Purchasing software for a multimillion-dollar enterprise can be a daunting prospect, especially considering the fact that there isn't one solution that can meet all the needs of every professional within an organization.
CIO.com contributor Matt Kapko spoke with David Berkowitz, CMO at technology agency MRY. Berkowitz acknowledged the abundance of applications, asserting that "the CIO will have no shortage of technologies to vet in the years ahead."
Why strategic sourcing should be leveraged
What a marketer requires to develop content differs from what a human resources representative needs to manage talent. Exacerbating this disparity are the differing preferences of professionals - some like Google Apps while others would rather use Office 365.
Leveraging strategic sourcing in procurement is an advantage for a number of reasons. First, it allows enterprises to identify and eliminate any purchasing redundancies within their operations. Second, the practice provides analysts with a deep understanding of how indirectly procured materials (assets purchased to support day-to-day processes) hinder or support workflow.
Data aggregation and analysis
To gain a better understanding of the value strategic sourcing can bring to software procurement, suppose the COO of a fictional corporation - Yusk Management - wanted to decide whether the company's primary productivity suite should be Office 365 or Google Apps. To achieve an educated decision, the COO conducts the following process:
- She contacts her subordinates at each of Yusk's branches, asking them to provide detailed reports regarding what kind of tools their colleagues and employees use on a daily basis.
- She creates a survey that asks workers key questions and proposes work-related scenarios pertaining to productivity software (i.e. "How often do you use analytics tools?" and "Say you're creating a service brochure - do you use Google Docs or Microsoft Word?" etc.)
- After receiving the survey results and reports from her subordinate operations managers, the COO consults the CIO to request data pertaining to application usage - are employees using Google Apps more than they are Microsoft Office or vice versa? How often are emails with attached documents exchanged among workers?
- Once the aforementioned information is received and analyzed, the COO conducts a spend analysis of the company's current usage of productivity software. For instance, are there instances in which workers will write documents in Word, paste the content into Google Apps and share the forms with colleagues? Do those co-workers then paste the language back into a Word document?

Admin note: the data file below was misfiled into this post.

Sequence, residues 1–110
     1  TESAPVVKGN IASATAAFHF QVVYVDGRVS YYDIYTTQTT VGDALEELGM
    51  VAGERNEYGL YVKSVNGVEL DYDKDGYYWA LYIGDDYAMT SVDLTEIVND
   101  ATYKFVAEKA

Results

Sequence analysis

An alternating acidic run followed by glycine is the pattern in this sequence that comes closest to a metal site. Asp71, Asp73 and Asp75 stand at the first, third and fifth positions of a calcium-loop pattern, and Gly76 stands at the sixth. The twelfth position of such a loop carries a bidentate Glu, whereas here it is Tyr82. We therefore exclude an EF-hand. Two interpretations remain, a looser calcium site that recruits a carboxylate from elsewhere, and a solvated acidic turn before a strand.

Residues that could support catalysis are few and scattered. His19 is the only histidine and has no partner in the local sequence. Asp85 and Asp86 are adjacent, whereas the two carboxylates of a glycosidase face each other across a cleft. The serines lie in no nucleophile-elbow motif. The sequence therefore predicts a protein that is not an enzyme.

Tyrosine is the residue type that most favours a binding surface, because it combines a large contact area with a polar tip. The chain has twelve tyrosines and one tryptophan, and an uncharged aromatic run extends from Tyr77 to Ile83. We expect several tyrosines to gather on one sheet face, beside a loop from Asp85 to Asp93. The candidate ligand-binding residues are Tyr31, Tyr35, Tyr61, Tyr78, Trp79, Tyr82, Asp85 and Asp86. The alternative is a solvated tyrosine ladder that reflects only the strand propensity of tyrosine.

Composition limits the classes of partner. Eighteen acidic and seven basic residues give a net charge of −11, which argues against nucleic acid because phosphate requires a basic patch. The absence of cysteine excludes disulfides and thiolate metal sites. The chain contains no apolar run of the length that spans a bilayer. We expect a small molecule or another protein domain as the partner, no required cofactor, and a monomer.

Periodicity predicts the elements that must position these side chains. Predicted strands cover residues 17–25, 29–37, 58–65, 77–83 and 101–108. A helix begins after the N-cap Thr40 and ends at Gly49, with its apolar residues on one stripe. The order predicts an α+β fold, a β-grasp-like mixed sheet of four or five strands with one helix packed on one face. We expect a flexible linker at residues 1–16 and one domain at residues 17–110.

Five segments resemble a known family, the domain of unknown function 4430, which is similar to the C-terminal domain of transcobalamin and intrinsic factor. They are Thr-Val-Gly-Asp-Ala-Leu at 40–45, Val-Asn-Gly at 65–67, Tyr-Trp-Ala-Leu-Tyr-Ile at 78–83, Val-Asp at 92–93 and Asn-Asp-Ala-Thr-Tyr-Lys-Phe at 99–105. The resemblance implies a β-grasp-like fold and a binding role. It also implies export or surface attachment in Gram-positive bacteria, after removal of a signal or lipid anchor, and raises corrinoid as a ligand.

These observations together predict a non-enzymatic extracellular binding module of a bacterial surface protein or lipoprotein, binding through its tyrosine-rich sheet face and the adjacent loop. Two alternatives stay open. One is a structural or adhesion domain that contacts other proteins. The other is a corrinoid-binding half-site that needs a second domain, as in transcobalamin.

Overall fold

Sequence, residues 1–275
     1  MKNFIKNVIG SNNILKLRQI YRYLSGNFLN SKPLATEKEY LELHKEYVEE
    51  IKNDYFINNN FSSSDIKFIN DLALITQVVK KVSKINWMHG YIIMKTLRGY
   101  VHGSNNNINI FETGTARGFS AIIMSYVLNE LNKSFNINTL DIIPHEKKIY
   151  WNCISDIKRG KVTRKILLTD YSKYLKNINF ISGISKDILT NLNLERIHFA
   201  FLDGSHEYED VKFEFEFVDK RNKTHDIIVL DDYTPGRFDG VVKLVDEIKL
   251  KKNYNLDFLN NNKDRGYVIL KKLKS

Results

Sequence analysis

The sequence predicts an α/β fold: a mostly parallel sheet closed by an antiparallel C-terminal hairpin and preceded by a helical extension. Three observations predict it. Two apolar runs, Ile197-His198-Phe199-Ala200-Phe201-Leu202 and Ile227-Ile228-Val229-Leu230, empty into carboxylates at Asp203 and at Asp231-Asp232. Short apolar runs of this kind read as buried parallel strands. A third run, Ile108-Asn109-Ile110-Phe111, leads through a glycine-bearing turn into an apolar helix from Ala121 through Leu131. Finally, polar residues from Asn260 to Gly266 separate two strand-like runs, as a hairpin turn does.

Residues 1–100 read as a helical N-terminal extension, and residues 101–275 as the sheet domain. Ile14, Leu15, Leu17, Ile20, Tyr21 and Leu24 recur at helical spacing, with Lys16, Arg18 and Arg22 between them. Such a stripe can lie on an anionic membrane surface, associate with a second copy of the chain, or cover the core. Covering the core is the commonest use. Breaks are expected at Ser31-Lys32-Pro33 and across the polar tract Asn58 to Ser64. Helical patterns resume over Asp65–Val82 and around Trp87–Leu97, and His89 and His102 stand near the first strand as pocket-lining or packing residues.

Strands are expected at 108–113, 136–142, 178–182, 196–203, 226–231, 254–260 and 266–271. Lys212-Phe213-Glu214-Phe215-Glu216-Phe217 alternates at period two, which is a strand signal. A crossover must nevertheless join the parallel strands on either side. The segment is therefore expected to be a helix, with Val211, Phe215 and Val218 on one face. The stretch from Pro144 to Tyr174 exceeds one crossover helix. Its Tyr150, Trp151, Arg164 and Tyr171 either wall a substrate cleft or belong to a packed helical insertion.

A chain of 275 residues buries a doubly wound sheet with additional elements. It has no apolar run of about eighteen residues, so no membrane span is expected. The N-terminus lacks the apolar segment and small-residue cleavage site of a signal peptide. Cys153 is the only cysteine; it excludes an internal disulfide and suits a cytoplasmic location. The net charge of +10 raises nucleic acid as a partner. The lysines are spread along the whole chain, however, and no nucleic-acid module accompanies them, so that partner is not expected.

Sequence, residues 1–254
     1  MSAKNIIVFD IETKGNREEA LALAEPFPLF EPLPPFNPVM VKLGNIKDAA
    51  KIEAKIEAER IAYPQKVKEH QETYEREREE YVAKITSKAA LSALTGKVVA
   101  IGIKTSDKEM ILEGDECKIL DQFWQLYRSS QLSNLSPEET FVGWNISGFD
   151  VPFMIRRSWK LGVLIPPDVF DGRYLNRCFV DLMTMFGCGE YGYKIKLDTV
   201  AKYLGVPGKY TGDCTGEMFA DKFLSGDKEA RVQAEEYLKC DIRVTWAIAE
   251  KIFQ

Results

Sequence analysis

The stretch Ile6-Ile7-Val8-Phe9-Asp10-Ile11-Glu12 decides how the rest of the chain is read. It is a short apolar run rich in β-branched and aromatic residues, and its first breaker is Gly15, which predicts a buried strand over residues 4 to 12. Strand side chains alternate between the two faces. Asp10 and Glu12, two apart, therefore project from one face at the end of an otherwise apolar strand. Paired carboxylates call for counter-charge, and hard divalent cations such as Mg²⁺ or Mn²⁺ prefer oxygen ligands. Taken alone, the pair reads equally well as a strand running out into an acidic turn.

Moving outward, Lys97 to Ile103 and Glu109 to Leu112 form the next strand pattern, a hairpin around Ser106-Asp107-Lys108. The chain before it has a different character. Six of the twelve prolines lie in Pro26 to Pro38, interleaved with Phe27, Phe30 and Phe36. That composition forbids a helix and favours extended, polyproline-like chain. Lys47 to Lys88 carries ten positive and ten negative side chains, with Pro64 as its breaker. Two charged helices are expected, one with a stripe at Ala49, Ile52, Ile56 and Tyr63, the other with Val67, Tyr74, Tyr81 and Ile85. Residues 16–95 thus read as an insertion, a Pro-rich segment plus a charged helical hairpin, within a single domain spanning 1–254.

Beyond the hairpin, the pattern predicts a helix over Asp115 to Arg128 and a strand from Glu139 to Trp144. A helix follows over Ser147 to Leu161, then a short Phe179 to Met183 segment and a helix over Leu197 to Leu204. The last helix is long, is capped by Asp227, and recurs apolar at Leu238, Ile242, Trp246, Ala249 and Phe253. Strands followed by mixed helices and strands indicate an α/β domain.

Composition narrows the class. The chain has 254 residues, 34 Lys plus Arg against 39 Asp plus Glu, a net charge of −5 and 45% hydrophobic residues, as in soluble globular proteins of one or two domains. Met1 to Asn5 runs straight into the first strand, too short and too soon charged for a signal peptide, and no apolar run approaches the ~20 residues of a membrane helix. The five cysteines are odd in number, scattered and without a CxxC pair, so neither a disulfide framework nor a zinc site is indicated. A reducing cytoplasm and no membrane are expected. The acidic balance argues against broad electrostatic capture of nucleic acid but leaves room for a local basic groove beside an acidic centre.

How does the latter point pertain to spend analysis? While often used to scrutinize expenses on a monetary level, leveraging the strategy from an operational standpoint gives professionals an accurate perception of whether material (or, in this case, software) use is generating a return on investment. Redundant processes demean the value of applications, and finding ways to eliminate them should be a priority.
Making the comparison
This is when price comparison comes into play. First, a budget for Yusk Management's long-term productivity software must be formulated - $11 per user per month. Then, the company's needs must be factored into the equation. Based on the data outlined above, it is clear that Yusk requires a solution that allows workers to share and collaborate on documents.
When comparing the pricing plans of Google Apps ("Flexible" and "Annual" plans) against Office 365 Enterprise E1, Yusk's COO deduces that the latter solution will fit her organization's needs for several reasons.
- Yusk's employees favor Word capabilities over Google Docs'.
- Office 365 comes with easy audio and video conferencing tools, which aren't included in Google Apps.
- Office 365 allows departments and teams to create "sites" for themselves, serving as easy communication and data-sharing portals.
This is a very basic outline of how strategic sourcing can improve software purchasing agreements. Overall, professionals should remember the key practice at the heart of centralized procurement: aggregate information in an organized fashion.